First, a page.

If you have some spare time and either a Tesla or gasoline-powered car, consider going in person to search for missing rural stations. Generally, you’ll want to check the businesses within a few blocks of an exit on the interstate, especially hotels, truck stops, and gas stations. Don’t be afraid to ask locals. As I mentioned earlier, police officers parked along the roads may be a good source of information if you approach them politely. Also, if you see an Uber or Lyft driver sitting and waiting for rides, they tend to know areas about as well as the police do and may have seen a station. Finally, if you check local Walmarts, you might see a construction zone in the middle or edge of the parking lot. The fences will probably be covered with plastic or tarps, but it’s not hard to see the equipment through gaps or by putting a phone over the fence and snapping pictures.

Some Places To Look

Completed station in El Paso, TX. Power not yet turned on. Note the black screens and the wrapped plugs. Photo by Jennifer Sensiba

If you’re not sure where to start, here are a few locations that may have Electrify America stations under construction that haven’t been announced:

  • St. Regis, ID
  • Jerome, ID
  • Oasis or Wells, NV
  • Lovelock, NV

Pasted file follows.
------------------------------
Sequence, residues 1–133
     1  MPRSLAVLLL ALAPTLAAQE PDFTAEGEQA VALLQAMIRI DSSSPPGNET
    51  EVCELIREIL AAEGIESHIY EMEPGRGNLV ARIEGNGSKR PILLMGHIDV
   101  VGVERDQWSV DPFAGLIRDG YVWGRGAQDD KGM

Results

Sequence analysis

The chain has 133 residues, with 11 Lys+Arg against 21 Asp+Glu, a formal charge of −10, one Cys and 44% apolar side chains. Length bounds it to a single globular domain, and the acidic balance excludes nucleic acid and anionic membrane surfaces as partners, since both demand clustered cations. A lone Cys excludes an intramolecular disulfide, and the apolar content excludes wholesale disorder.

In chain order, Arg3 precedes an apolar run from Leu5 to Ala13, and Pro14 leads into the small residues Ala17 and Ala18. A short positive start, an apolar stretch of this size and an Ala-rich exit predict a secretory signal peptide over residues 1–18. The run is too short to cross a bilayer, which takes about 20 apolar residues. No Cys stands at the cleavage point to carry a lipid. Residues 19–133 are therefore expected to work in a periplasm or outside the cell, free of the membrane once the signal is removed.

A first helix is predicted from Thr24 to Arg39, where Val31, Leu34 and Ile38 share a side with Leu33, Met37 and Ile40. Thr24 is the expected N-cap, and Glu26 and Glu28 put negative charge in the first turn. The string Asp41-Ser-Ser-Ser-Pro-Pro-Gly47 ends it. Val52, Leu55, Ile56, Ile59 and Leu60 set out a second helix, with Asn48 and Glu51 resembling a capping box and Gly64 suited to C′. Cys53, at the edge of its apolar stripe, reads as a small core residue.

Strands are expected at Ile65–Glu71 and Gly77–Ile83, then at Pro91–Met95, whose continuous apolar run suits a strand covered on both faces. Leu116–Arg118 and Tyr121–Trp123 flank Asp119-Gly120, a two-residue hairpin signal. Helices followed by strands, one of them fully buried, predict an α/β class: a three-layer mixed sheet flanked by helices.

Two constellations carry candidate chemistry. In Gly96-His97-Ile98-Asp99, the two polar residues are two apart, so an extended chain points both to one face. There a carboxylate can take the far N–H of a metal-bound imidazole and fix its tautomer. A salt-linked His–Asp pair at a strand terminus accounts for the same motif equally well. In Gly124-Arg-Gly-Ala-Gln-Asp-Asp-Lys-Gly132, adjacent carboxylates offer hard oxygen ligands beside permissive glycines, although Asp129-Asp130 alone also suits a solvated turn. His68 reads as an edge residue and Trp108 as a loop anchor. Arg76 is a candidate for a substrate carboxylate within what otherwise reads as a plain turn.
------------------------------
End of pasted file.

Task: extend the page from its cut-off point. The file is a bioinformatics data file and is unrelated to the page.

• Coleville or Walker, CA
  • Bishop, CA
  • Little Lake, CA
  • Chiriaco Summit, CA
  • Blythe, CA
  • Between Centennial and Quartzsite, AZ
  • Gila Bend, AZ
  • Willcox, AZ
  • Green River, UT
  • Salina, UT
  • Lordsburg, NM
  • Santa Rosa, NM
  • Tucumcari, NM
  • McLean, TX
  • Monahans, TX
  • Julesburg, CO
  • Salina, KS

A Couple More Tips

However you choose to help, be sure to check nearby areas if you don’t find a station in a place it’s missing from. Sometimes, EA might not be able to find a good host business in one town, and may decide to go to the next or nearby.

One last thing: if you see stations listed near you that don’t have pictures, please stop by and snap a few when you can. It’s great to be able to see construction progress and see how far along the site is.

Thanks in advance for your help!

Completed station in El Paso, TX. Note the fenced off area. Photo by Jennifer Sensiba


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Written By

Jennifer Sensiba is a long time efficient vehicle enthusiast, writer, and photographer. She grew up around a transmission shop, and has been experimenting with vehicle efficiency since she was 16 and drove a Pontiac Fiero. She likes to explore the Southwest US with her partner, kids, and animals. Follow her on Twitter for her latest articles and other random things: